Skip to content


  • Research
  • Open Access

Aqueous extract of Piper sarmentosum decreases atherosclerotic lesions in high cholesterolemic experimental rabbits

  • 1,
  • 1Email author,
  • 2,
  • 2,
  • 3 and
  • 1
Lipids in Health and Disease20109:44

  • Received: 24 February 2010
  • Accepted: 30 April 2010
  • Published:



Piper sarmentosum (P.s) has flavonoid component in its leaves which has antioxidative effect. To date, its effect on atherosclerosis has not been studied histologically.


The study aimed to investigate the effect of P.s on atherosclerotic changes in hypercholesterolemic rabbits.


Forty two male New Zealand white rabbits were divided into seven groups. C - control group fed normal rabbit chow, CH - cholesterol diet (1% cholesterol), W1 - 1% cholesterol with water extract of P.s (62.5 mg/kg), W2 - 1% cholesterol with water extract of P.s (125 mg/kg), W3 - 1% cholesterol with water extract of P.s (250 mg/kg), W4 - 1% cholesterol with water extract of P.s (500 mg/kg) and Smv - 1% cholesterol supplemented with simvistatin drug (1.2 mg/kg). All rabbits were treated for 10 weeks. Following 10 weeks of supplementation, the animals were sacrificed and the aortic tissue was taken for histological study.


Rabbits fed only with high cholesterol diet 1% cholesterol (CH) showed focal fatty streak lesions compared to the C group and 1% cholesterol supplemented with simvistatin drug (Smv) group. Atherosclerotic lesions in the 1% cholesterol group supplemented with P.s (500 mg/kg) i.e. W4 group showed significant reduction (30 ± 6.0%, p < 0.05) in fatty streak compared to the high cholesterol group (85.6 ± 4.1%) under Sudan IV stain. The atherosclerotic lesions under transmission electron microscope showed reduction in foam cells in the treatment groups compared to the CH groups.


Administration of P.s extract has protective effect against atheroscleros


  • Cholesterol
  • Flavonoid
  • Atherosclerotic Lesion
  • Foam Cell
  • Naringenin


Piper sarmentosum belongs to the family Piperaceae and it is widely cultivated in tropical and subtropical countries. The plant is popular due to its culinary and medicinal properties. In different parts of the world, P.s has been used traditionally to cure many diseases [1]. Phytochemically, the plant contains constituents likes alkaloids (amide, flavonoids, pyrones) [2] and it has also been reported to possess pharmacological properties like anti-tuberculosis [3] anti cancer [4], anti-angiogenic [5], hypoglycaemic [6], antimalarial [7], antioxidant [8], neuromuscular blocker [9] and antiamebic [10]. Due to these properties, the plant has a great potential of commercialization as medicinal plant in Malaysia and South-East Asia.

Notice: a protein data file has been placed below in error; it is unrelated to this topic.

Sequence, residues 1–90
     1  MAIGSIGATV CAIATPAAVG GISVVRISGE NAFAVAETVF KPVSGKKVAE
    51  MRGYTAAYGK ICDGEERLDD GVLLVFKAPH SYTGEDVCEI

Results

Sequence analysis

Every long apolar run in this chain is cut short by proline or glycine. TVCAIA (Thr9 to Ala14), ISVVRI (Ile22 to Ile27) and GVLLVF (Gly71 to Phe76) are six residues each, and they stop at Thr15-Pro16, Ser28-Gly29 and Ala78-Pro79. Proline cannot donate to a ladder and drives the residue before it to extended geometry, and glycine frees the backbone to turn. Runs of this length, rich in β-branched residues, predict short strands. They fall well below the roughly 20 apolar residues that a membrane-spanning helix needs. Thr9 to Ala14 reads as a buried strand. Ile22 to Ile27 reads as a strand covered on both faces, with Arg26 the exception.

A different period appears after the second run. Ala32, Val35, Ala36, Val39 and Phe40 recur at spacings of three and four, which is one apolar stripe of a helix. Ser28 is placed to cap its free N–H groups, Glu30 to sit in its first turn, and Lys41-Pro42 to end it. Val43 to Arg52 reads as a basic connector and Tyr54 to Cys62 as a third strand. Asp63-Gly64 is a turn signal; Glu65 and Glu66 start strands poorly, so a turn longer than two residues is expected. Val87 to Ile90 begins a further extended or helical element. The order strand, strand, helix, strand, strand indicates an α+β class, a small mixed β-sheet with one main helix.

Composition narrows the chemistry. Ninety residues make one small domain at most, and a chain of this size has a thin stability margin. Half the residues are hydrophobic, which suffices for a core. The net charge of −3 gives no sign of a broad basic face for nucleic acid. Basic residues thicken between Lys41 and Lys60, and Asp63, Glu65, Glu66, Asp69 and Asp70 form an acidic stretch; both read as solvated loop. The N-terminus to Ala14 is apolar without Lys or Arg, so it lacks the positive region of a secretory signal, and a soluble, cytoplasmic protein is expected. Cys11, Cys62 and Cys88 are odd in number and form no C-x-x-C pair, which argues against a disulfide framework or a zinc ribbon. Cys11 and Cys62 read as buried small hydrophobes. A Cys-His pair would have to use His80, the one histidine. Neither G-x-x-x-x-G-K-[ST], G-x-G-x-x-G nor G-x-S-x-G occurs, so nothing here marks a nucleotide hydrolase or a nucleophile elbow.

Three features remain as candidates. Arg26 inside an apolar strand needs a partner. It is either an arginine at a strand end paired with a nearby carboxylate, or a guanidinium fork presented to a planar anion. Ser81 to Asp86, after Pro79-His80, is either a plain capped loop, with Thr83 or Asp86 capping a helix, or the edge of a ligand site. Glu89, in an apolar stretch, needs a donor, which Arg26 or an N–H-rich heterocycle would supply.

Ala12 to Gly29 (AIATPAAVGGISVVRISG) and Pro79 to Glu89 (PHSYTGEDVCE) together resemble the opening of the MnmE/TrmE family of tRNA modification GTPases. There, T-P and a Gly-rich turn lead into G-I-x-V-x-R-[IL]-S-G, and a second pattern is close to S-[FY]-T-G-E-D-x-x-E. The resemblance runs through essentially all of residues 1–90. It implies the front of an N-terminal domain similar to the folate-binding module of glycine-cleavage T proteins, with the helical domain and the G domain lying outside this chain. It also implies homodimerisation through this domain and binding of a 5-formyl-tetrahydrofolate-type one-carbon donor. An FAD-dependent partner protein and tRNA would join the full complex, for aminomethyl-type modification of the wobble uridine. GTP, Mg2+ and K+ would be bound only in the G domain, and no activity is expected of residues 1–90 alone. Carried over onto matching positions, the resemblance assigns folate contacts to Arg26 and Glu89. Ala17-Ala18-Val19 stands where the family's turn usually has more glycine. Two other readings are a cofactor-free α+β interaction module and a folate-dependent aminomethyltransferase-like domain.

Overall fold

Today, herbal medicine has grown in popularity all over the world. Many individuals have resorted to herbal remedies in their daily life especially in developing countries, because of absence of adverse effects and cost effectiveness [11].

Atherosclerosis is the major cause of morbidity and mortality in the developing and developed countries [12]. The magnitude of this problem is profound as atherosclerosis claims more lives than all types of cancer combined and the economic costs are considerable. Atherosclerosis is characterized by the accumulation of cholesterol deposits in macrophages in large- and medium-sized arteries. This deposition leads to a proliferation of certain cell types within the arterial wall that gradually impinge on the vessel lumen and obstruct the blood flow. This process may proceed for decades until an atherosclerotic lesion is formed. As a result, the blood flow is disrupted and deep arterial wall components are exposed to flowing blood, leading to thrombosis and compromised oxygen supply to target organs such as the heart and brain. Various harmful agents such as smoking, hypertension, and diabetes may play an important role in initiating chronic inflammation, which predisposes vulnerable plaque to rupture and cause thrombosis. The endothelial dysfunction and inflammation causes not only the initial stage of the atherosclerotic process but also leads to atherosclerotic plaque development.